“Mommy makeovers are all done on an outpatient basis in our office,” Georgis says. “This requires about four hours, the magic number for outpatient surgeries. What I like about this is that the work is done on one physical field and flows together. Of course, the procedures can also be done separately, depending on the patient’s health and financial condition. It’s more cost-effective to do it all at once, because it saves surgical suite set-up plus other doubled expenses.”

Recovery time for mommy makeovers is about two to three weeks. Patients should be able to drive after the first week or so, and resume work and exercise routines in about four weeks. Before the surgery, every patient has a comprehensive physical and at least a one-hour consultation in his office.

“It is surgery, and as such, has all the same risks of any surgical procedure,” Georgis emphasizes. “The advantage is that I am almost always operating on healthy patients, which lowers those risks. We spend time translating what the patient wants into action. We talk about risks, benefits and alternatives, so the patient can make an informed decision. I believe informed consent beforehand trumps excuses afterward.”

Georgis has refused to operate on certain patients, primarily because they appear to have unrealistic expectations of what the plastic surgery will achieve. And, he adds, it is possible to overdo a good thing.

“Depending on the situation, I refer them to their family doctor or a psychologist,” he says. “Unfortunately, they sometimes find a surgeon who will do the procedure. Sadly, we see a lot of this happening. The bottom line is that I make my living on successful surgeries, and my reputation on knowing when to refuse.”

Repeat procedures, such as face-lifts or breast enlargements and lifts, are usually done only after a significant amount of time has passed, depending on the individual and the outcome of the primary surgery.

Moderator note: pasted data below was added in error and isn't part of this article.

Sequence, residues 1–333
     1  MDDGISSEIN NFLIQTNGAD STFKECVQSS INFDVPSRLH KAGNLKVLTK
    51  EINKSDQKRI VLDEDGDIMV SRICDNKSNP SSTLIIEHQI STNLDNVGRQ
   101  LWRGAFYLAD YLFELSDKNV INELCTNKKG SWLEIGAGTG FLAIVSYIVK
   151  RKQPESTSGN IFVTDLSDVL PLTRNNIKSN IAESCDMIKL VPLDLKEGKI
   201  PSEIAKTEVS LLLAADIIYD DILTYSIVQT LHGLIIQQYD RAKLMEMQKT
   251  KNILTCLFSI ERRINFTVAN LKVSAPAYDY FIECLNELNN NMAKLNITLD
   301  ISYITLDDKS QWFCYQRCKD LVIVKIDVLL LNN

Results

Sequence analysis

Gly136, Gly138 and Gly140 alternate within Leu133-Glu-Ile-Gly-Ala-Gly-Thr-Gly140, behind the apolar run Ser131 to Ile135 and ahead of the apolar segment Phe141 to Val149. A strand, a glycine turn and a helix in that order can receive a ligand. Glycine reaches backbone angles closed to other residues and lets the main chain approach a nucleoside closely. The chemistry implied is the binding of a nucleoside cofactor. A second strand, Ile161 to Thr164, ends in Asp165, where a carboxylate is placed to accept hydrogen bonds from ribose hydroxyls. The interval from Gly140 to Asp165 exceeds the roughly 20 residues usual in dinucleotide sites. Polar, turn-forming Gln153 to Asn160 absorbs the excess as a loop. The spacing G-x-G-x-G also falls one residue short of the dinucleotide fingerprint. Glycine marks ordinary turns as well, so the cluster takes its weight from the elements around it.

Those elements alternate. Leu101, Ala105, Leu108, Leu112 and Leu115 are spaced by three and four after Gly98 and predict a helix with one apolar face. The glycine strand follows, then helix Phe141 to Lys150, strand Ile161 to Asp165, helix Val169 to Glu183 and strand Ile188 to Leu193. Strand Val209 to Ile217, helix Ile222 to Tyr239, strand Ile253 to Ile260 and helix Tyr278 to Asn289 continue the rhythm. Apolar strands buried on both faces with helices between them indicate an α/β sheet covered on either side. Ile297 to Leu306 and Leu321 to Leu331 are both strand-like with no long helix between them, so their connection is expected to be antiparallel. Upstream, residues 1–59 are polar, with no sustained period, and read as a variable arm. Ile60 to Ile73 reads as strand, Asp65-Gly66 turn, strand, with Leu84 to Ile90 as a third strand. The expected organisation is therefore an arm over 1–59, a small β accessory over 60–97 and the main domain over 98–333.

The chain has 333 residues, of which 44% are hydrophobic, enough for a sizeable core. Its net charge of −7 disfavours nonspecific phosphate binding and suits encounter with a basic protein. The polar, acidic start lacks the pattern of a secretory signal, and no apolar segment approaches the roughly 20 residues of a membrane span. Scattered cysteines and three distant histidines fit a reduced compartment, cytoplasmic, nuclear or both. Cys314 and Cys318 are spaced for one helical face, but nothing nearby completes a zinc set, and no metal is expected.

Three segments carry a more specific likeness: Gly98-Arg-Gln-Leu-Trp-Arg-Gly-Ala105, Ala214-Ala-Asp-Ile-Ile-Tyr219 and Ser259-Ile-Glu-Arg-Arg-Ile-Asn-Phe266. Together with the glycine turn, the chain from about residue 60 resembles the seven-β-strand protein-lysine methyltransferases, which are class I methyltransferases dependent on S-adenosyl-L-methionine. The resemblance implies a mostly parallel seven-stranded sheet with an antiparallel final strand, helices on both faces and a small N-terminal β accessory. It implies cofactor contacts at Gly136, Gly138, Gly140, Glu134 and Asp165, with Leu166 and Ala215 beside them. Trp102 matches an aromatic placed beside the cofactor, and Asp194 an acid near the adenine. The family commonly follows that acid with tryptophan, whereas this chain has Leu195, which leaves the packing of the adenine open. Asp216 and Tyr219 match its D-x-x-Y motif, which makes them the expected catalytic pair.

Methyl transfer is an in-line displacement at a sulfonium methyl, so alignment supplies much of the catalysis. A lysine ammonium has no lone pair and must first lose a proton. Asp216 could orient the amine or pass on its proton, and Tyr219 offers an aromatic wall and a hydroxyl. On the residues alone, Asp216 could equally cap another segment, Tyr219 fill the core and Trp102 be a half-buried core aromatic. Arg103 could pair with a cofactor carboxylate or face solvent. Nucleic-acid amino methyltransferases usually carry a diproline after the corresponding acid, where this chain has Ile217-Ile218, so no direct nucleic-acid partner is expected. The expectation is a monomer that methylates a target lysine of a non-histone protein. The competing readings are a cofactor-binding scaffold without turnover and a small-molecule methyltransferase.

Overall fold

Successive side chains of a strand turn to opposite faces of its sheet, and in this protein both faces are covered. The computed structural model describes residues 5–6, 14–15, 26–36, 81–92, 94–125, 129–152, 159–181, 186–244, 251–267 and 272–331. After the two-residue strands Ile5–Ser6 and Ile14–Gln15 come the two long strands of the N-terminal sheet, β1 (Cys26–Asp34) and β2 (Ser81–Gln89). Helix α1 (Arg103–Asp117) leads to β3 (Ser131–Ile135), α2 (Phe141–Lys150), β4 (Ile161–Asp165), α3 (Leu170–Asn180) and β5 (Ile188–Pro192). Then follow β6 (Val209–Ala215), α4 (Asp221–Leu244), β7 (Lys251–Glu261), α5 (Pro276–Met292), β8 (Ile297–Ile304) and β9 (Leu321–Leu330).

Georgis highly recommends going only to plastic surgeons who are not only board certified, but board certified by the American Board of Plastic Surgeons, whose code of ethics is designed to protect patients from becoming victims.

“Make certain that the surgeon is certified and his or her operating room is an accredited facility,” Georgis advises. “Just saying board certified doesn’t cut it.”

Because plastic surgery carries all the risks of other surgeries, plastic surgeons emphasize the need for patients to use caution and common sense when choosing to have a procedure done.

Dr. Jerome Weiskopf warns patients to always do their homework before undergoing a procedure.

“The thing is, if it sounds too good to be true, it probably is,” says Dr. Jerome Weiskopf, board-certified plastic surgeon, 6533 Lexus Dr., Rockford. “I’ve been practicing for 40 years now, and am constantly going to meetings to learn about the latest techniques. They can range from fairly standard to jumping through hoops, Hollywood and L.A. style. I stick with what works.”

Weiskopf considers some newer methods to be bizarre, such as using string with hooks as a face-lift technique. Then there is the liposuction dissolve, which causes fat to just “melt away.”

Weiskopf emphasizes that the biggest problem with liposuction lies in overcorrection.